When they hear our plans, some people say, “Oh, what a wonderful idea.” 

Others say something else, the subtext of which is “You’re crazy.” 

And nearly everyone asks one or more of the following


Why an RV?

Because we think it will give us a different kind of experience of Europe than we’ve had in the past. And we think it will allow us to afford being in Europe for more than a couple of weeks.

Once upon a time, we did a 6-week train-hotel-rental-car-hotel whirlwind tour of five countries in Europe. That was before the dollar went into the tank and children staked their claims on all our discretionary spending. So until recently, travel to Europe was out of the question. But then four years ago, we went to northern Italy for a week in March and also joined a bus tour group following the last two weeks of the Tour de France in July. We'd also begun taking students to London a number of times for 10 days or so.

On all these trips, we stayed in tourist hotels and ate all our meals at restaurants, which proved to be expensive. When even a spartan tourist hotel room costs $200 a night and a meal is $30 for anything better than a Big Mac, it became obvious that we couldn’t afford to spend much time in Europe that way. And unless we were willing to take on the added expense of a rental car, this sort of travel limited us to the big city we were in and to locales no more than a day trip away by train.

In that last respect, the Tour de France experience was different because, unlike most of our other trips, the bus that took us from place to place gave us a chance to relax in small French towns. However, a disadvantage to the trip was that with thirty other people on the bus, we couldn’t follow our own schedule. 

Then we read Ron and Adele Milavsky’s Take Your RV to Europe. Like them, we hope that traveling in an RV would address these shortcomings. We also hope it will give us a chance to get away from the standard tourist itinerary and to meet Europeans who don’t spend their workdays dealing with tourists. And we think using an RV will mean we can afford to stay in Europe for months at a time instead of days.

Won’t it be expensive to ship? Why not rent a European RV?

It's costing us less than $4500 to ship Rover to Zeebrugge, Belgium, plus about $600 for the gas and campsite charges to get it halfway across the country from Minneapolis to the Port of Baltimore.  In the high season, it would cost more than $1000 a week to rent a European RV that’s roughly comparable to an American Class C like Rover. In this first 2-month trip, then, we will more than make up for this cost. (However, this doesn’t include insurance, which deserves its own discussion.)

Isn’t gas much more expensive in Europe?

As I write this in June 2008, gas in France is about $8.00 a gallon, and Rover gets about 10 mpg on a really good day. If we were driving on US interstates 400 miles a day, we’d run out of money very quickly, even at $4 per gallon. But things are much closer in Europe: Amsterdam to Marseille is less than 900 miles, and if we ever do get that far and back, we would want it to take us two or three months to do it. The gas for that distance will be about $1400; Rover could go 3500 miles for that amount in the US: many RV tourists in this country would rack up that distance in the same three months.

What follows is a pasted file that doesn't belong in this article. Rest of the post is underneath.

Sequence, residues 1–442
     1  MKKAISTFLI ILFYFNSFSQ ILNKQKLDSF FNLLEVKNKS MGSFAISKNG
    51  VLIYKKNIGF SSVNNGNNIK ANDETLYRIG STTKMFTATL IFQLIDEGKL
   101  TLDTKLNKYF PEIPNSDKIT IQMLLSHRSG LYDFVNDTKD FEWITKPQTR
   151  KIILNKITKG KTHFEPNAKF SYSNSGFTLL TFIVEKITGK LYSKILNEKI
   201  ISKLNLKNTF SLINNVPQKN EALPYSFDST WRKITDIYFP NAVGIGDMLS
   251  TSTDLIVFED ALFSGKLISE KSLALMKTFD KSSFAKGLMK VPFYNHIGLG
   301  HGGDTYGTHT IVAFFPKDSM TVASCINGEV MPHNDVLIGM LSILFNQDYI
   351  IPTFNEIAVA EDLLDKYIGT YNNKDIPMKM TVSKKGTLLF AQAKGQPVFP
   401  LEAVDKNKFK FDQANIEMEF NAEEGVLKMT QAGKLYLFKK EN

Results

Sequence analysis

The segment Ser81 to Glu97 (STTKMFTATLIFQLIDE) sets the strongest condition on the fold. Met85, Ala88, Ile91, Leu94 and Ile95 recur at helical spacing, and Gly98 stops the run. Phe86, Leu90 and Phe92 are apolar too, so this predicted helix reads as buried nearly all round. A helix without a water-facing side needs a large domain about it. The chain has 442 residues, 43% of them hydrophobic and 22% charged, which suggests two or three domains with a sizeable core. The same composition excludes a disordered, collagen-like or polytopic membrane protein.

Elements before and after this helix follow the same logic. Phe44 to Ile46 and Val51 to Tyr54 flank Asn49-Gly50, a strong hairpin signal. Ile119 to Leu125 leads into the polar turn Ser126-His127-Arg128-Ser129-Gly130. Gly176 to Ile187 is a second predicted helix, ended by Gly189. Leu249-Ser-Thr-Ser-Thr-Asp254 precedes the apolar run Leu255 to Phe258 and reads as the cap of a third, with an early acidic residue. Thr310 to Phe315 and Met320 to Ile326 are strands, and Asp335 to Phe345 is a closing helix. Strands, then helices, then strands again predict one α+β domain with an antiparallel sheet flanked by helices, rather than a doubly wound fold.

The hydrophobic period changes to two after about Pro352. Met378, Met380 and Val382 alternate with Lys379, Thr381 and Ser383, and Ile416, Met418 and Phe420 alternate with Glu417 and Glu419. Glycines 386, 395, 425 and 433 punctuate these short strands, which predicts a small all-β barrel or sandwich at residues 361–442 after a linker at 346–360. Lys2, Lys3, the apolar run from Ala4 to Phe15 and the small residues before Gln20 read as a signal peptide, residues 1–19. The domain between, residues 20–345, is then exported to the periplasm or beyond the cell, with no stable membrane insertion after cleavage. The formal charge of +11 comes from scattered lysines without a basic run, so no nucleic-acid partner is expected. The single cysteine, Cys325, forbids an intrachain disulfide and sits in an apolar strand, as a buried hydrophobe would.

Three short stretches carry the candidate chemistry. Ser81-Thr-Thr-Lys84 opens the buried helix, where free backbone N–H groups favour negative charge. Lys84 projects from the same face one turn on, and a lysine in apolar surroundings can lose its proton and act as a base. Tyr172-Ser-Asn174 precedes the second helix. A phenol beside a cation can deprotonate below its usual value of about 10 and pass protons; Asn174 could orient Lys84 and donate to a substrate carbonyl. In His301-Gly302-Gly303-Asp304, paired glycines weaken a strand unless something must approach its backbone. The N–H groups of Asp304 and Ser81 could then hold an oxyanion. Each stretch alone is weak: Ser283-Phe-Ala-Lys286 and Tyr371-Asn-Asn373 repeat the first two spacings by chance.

Aren’t American RVs too big for European cities and country roads?

A 40’ Class A motorhome with slide-outs probably would be too big, not just for some of the roads but for the campground spaces as well. But Rover is only 24’ long and has no slide-outs (we've read that many European campgrounds prohibit them, in any case).

Doesn’t Europe run on 220-240 volt electrical instead of the US’s 110-120?

Yes. So we had Rover's generator removed and installed a step-down transformer in its place, and we bought a collection of adaptors for the myriad of plugs that European countries use. The adaptors will connect the European 220-volt shore power source to our cable; the cable will connect to the step-down transformer’s input; the transformer will convert 220 volts of input into 110 volts output; and the 30-amp cable that came with our RV will run between the transformer’s output plug and Rover’s 110-volt shore power plug-in point.

We also replaced the RV manufacturer’s stock battery charger with a Xantax converter/charger. The converter function will convert the house batteries’ 12-volt power to 110-120 volts, so we are not dependent on shore power for our 110-volt needs. And we also bought two Interstate Freedom AGM batteries to serve as our 12-volt house power source, because they're advertised as being able to keep their charge for months at a time, without requiring periodical recharges: and that's what they'll have to do during the 7-9 months we'll have the RV in storage in Europe between our visits.

2011 update: we cannot stress enough the importance of buying a converter/charger that's as bomb-proof as possible (especially if you're an electrical moron like us). This equipment is the heart of your electrical system, and it's good to have one that can sense a problem quickly and protect itself and your batteries. We have a Xantrex Freedom 458 series converter/charger that we bought at Camping World--and had them install.

By the way, it's also a good idea to have purchased your Europe-trip house batteries before the converter/charger get installed: that way, the Camping World technician can feed into the converter/charger the correct information about charging the batteries.